Clayton, Philip Thomas Byard (known as Tubby Clayton), Founder of TOC H 1885-1972. Born in Maryborough Queensland, educated at St Paul’s London and Exeter College, Oxford. Gained a First in theology and worked for Cyril Garbett, later archbishop as a curate in Portsmouth. He became an Army Chaplain 1915 and with Neville Talbot, later Bishop of Pretoria, opened Talbot House in Poperinge, Belgium as a retreat for soldiers from the trenches.  Distraction from the war, amusement and spiritual support was provided at Talbot House. Services on the top floor were an unforgettable solace to soldiers about to go back to the front line. After the war Toc H houses were established around the country and overseas to provide fellowship and support for ex-soldiers.  Clayton became Vicar of All Hallows by the Tower. After All Hallows bombing in the Blitz, Clayton was involved in raising funds for its repair as well as for the East End. 

Collins John T.C.B Prebendary, Pastor and Evangelist 1925- Educated Clare College Cambridge 1946-49, ordained 1951. Curate All Souls, Langham Place London. Vicar of St Mark’s Gillingham, Rochester, Canford Magna, Salisbury and Holy Trinity Brompton London 80-85, 85-89 as Associate Minister. His contribution to church life lay especially in training and mission. Over many years he trained, with his wife Diana, an outstanding group of clergy who were themselves gifted evangelists, pastors and teachers. They included, among many others, Canon David Watson, Canon David MacInnes, Rt Rev. Sandy Millar and Nicky Gumbel. Together they were to have a profound effect on the mission of the church. In addition, John Collins pioneered the shape of ‘charismatic’ parish ministry, encouraged the development of the Alpha course and the practice of church planting within the Church of England.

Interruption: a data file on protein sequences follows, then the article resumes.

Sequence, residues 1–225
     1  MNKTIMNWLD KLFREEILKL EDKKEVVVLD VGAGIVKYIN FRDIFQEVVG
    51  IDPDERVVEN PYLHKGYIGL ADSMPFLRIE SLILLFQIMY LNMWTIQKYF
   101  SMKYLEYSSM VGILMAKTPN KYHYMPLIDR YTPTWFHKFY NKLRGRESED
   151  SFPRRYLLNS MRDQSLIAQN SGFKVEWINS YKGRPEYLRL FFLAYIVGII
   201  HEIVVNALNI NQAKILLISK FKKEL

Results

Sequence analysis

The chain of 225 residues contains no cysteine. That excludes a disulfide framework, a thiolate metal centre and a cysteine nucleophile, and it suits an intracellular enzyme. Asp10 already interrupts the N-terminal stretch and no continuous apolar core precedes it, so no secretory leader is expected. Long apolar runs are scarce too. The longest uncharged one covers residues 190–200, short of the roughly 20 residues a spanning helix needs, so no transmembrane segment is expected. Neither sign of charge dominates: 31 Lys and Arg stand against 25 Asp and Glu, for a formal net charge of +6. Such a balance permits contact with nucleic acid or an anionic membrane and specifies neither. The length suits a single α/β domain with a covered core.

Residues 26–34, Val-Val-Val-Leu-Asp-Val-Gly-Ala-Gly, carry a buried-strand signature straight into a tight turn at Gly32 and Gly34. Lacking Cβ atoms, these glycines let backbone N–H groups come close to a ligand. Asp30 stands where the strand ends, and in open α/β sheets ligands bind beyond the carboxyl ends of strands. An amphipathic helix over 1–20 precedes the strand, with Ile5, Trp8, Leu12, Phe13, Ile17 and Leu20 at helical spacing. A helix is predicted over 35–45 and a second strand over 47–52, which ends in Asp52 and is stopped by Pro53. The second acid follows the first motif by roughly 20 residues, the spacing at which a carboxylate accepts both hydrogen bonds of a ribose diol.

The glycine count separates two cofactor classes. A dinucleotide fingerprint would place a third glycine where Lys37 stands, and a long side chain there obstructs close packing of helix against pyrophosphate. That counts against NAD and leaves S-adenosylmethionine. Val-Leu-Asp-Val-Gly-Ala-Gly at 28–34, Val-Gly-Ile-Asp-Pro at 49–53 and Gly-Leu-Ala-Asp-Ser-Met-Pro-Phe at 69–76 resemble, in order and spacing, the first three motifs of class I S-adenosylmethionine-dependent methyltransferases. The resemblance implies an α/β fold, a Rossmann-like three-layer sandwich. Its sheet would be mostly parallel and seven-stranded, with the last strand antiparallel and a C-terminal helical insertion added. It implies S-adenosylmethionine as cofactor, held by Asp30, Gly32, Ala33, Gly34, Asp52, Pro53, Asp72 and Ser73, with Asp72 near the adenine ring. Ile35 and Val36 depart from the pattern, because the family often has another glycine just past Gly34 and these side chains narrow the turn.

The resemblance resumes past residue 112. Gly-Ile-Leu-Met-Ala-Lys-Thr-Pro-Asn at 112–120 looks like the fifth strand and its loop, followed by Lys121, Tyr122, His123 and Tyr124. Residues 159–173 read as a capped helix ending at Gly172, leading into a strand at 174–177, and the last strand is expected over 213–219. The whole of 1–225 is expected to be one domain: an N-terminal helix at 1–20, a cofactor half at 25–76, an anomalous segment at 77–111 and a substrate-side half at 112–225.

Compton Henry, Bishop of London 1632-1713 the youngest son of the Earl of Northampton. Educated at The Queens College Oxford. Left without a degree joined the army. Returned to Cambridge and completed a DD. 1674 Bishop of Oxford. Educated Princess Mary and Princess Ann, daughters of James II and Anny Hyde. 1676 conducted a census of church goers: the Compton Census. 1675 Bishop of London (1675-1713).  Opposed RCs, left the Privy Council during James II’s reign, invited William and Mary to come to England and the Glorious Revolution: one of the seven inviters. A friend of Dissenters seeking their inclusion in the state, and the Huguenots. Passed over twice for Canterbury. Published on Botany and the New Testament.

Cowper, William, Poet, Hymn and Letter writer 1731-1800 Educated Westminster School and the Inns of Court from 1748. Falls in love with his cousin Theodora Cowper – see Symptoms of Love 1752. Falls into depressions from 1752. Practised Law from 1752-1763 in the Middle and Inner Temple, attempted suicide and placed in Dr Cotton’s asylum. Lodges with the Unwins in Huntingdon. Corresponds with Harriet Cowper (Lady Hesketh), cousin, finds solace in gardening and comes to faith in Christ through friendship with John Newton. Cowper begins Olney Hymns with John Newton, published in 1779. A further severe attack of depression ends his engagement to Mrs Unwin.  In 1785 publishes his six-book poem The Task and John Gilpin. In 1791 publishes his translation of Homer: The Illiad and Odyssey for which he receives £1000.  He joined the Abolitionist Movement writing The Negro’s Complaint. In 1794 he suffered further attacks of depression. 1787-1795 lived at Weston Hall. Cowper’s most famous hymn is known to us as God moves in a Mysterious Way (Light shining Out of Darkness). His love of nature anticipates the Romantic Movement of Wordsworth and Coleridge. He remains one of the great poets and hymn writers of the English language. His final years were spent at East Dereham, Norfolk where he is buried.